Lynsey Welsh, a former member of WISENET, passed away on 23 February 1997 after a battle with cancer. Lynsey made major contributions to cereal chemistry and near infrared spectroscopy.
Born in 1951, Lynsey grew up in the Sydney suburb of Caringbah and was educated at Fort Street Girls High School and at Sydney University. In 1972, Lynsey was appointed by the Irrigation Research and Extension Committee as a Technical Assistant to assist the Cereal Chemist at Yanco Agricultural Institute. This posting started a love for cereal chemistry and a rewarding career with Rice Research. She was initially responsible for routine evaluation of samples from the rice breeding programme at Yanco Agricultural Institute but soon became a specialist in the chemistry of amylose and amylopectins which constitute starch grains.
At Yanco Agricultural Institute Lynsey contributed to the release of all the currently grown rice varieties and is listed as a codeveloper of Goolarah, Harra and Kyeema. She presented her research data at Australian and international scientific conferences and was secretary of the committee which ran a very successful conference on near infrared spectroscopy at Lorne, Victoria in 1994. Lynsey was a driving force in the publication of the proceedings of this NIR conference and also an international conference on rice quality. Her contributions in the field of rice technology were recognised in 1991 with a degree of Master of Science in Agriculture from Sydney University and several promotions culminating in the appointment as Chemist in 1996.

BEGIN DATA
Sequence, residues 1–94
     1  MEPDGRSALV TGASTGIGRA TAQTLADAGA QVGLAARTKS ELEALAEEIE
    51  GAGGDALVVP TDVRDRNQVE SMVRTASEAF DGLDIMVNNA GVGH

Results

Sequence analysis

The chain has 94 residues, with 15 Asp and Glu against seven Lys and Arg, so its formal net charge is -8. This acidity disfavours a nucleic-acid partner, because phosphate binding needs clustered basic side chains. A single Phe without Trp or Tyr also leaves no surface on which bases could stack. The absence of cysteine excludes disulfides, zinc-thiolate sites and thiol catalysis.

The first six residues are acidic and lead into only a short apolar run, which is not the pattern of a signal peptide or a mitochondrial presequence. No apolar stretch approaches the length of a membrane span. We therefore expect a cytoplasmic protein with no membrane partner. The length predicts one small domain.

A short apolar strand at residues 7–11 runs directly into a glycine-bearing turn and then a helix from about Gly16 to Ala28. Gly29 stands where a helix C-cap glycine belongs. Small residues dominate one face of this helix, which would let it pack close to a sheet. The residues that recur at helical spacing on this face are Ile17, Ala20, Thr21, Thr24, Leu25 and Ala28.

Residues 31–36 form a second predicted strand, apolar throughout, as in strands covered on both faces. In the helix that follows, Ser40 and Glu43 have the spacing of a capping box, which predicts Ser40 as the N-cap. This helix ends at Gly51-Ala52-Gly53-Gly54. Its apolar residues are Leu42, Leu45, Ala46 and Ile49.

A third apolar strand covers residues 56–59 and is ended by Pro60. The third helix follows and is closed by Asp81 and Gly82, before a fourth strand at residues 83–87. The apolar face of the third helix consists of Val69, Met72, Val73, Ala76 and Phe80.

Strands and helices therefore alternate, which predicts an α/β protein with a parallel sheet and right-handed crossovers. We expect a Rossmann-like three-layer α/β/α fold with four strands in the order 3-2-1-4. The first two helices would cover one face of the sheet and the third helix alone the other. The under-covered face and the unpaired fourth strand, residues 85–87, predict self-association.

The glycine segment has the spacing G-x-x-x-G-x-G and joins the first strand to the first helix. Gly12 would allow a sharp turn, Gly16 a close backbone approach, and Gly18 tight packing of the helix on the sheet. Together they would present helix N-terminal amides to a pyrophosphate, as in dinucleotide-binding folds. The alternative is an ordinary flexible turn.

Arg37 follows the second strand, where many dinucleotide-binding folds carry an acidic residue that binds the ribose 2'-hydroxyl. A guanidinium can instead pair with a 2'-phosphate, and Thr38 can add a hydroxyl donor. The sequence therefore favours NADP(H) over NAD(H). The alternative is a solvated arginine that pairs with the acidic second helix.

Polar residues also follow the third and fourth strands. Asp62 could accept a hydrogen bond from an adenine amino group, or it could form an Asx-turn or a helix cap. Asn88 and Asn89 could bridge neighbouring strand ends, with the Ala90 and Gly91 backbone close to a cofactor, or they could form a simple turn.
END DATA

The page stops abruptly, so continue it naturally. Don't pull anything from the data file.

Lynsey enjoyed her work, but she also loved travelling, bushwalking and amateur theatrical productions. In 1976 Lynsey climbed in the Himalayas with a group of Newcastle bushwalkers. She had earlier been the first woman president of Sydney University Bush Walkers. Lynsey was a long-serving member of the Leeton Amateur Musical and Dramatic Society, singing in the chorus, helping with makeup, prompting and scenery. Despite failing health Lynsey was director of a very successful production of "No Sooner Won than Wed" in 1996.
After learning that she had cancer about 4 years ago, Lynsey maintained a determination to continue working and continue with her other interests. She did this with increasing difficulty but enhanced determination to the end. In addition to her scientific and social contributions to her field of science and her local community, Lynsey has left us with an example of how to present a positive attitude to life under adversity and this was a real strength to her work mates and friends.
Source: Royal Australian Chemical Institute
(Cereal Chemistry Division) Newsletter, March 1997